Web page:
The thickness of intermediate layer 3 is determined in accordance with the characteristics of this layer 3, such that the medium achieves desirable Kerr enhancement at the time of reproduction, and also has a sufficient laser beam absorption efficiency. Usually, the thickness of intermediate layer 3 is preferably lower than 200 Å. When it is intended to extinguish the exchange coupling force between recording and bias layers 2 and 4, it is enough to set the thickness of intermediate layer 3 at several angstroms. However, it is preferably made so thin as to allow bias layer 4 to apply sufficiently large leakage magnetic field to recording layer 2 and to be sufficiently heated to TW at the time of laser beam irradiation. Considering this, the thickness of intermediate layer 3 is more preferably in a range of 5Å to 500Å. Bias layer 4 does not contribute to reproducing signals but it is intended only to allow heat caused by laser irradiation to spread therethrough. Therefore, intermediate layer 3 may not be transparent.

It is preferable that bias layer 4 is made so thick as to apply sufficiently large leakage magnetic field to recording layer 2 and so thin as to be sufficiently heated to TW at the time of laser irradiation. Considering this, the thickness of bias layer 4 is preferably in a range of 250Å to 5000Å and more preferably in a range of 1000Å to 3000Å.

It is preferable that recording layer 2 is made so thick as to apply sufficiently large leakage magnetic field to bias layer 4 and so thin as to be sufficiently heated to a temperatures high enough to cause the magnetization reversing at the time of laser irradiation. The leakage magnetic field applied from recording layer 2 to bias layer 4 can be supplemented by external magnetic field. Considering this, the thickness of recording layer 2 is preferably in a range of 100Å to 5000Å, more preferably in a range of 250Å to 1500Å.

When recording and bias layers 2 and 4 are to be formed by way of the thin film forming technique such as a sputtering, it will be difficult that each of recording and bias layers 2 and 4 has sufficient than 100Å.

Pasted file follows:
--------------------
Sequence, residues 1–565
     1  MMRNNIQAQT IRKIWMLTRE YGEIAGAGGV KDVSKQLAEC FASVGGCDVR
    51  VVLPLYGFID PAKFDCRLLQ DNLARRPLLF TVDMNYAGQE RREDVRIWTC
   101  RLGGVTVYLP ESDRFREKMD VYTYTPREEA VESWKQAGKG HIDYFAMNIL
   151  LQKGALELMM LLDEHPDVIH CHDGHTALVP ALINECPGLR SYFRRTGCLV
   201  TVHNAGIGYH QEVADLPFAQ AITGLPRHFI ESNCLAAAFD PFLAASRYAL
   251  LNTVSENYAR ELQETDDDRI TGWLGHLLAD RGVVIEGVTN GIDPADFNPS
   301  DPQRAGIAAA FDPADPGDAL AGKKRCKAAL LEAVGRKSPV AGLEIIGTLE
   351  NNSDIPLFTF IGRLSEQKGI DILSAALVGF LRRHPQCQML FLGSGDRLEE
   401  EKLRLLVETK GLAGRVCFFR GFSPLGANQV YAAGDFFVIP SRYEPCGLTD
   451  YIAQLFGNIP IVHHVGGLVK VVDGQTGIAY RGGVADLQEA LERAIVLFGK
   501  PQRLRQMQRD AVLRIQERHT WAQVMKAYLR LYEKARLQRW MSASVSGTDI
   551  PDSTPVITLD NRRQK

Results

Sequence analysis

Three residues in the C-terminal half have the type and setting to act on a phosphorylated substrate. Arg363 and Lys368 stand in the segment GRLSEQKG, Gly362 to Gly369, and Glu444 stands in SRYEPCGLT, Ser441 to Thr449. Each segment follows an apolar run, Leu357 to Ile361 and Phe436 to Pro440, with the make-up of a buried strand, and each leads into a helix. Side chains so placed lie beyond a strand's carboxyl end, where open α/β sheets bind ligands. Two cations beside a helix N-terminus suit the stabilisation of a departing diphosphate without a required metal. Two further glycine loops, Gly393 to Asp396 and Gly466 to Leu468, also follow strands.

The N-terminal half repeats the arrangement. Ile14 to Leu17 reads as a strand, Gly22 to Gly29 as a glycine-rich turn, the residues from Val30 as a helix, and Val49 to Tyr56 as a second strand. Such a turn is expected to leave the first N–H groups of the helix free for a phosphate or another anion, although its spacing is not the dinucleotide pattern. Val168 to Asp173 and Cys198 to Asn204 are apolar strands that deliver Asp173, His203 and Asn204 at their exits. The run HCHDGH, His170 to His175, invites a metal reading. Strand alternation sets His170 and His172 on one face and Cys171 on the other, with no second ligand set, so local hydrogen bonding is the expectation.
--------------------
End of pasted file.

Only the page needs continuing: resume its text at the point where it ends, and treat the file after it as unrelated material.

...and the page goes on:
Protective layer 5 is made of dielectric material, for example, and it serves to protect recording and bias layers 2 and 4. It is preferable that protection layer 5 is provided, but this protection layer 5 is not essential and may be omitted.

When information is recorded and erased to and from this magneto-optical information storage medium, pulse-like laser beam whose intensity is modulated into high and low levels responsive to information to be recorded is irradiated onto the medium.

That portion of the medium which is irradiated by pulse of high intensity level is heated to magnetization-reversing temperature TW of bias layer 4 and a reversed magnetic domain is thus formed in bias layer 4. When the pulse-irradiated part of the medium is then cooled to magnetization-reversing temperature TCP of recording layer 2, magnetization in recording layer 2 is directed in a predetermined direction due to first leakage magnetic field applied to recording layer 2. Thereafter, magnetization in bias layer 4 is directed in the same direction as under initial state due to second leakage magnetic field applied to bias layer 4 until the pulse-irradiated portion of the medium is cooled to room temperature. Information is thus recorded at that portion of recording layer 2 which is irradiated by the pulse of high level.

That portion of the medium which is irradiated by pulse of low intensity level is heated to magnetization-reversing temperature TCP of recording layer 2, while magnetization of recording layer 2 is oriented to a direction reverse to that under recording process due to third leakage magnetic field applied to recording layer 2. Information is thus erased from that part of recording layer 2 which is irradiated by the pulse of low level.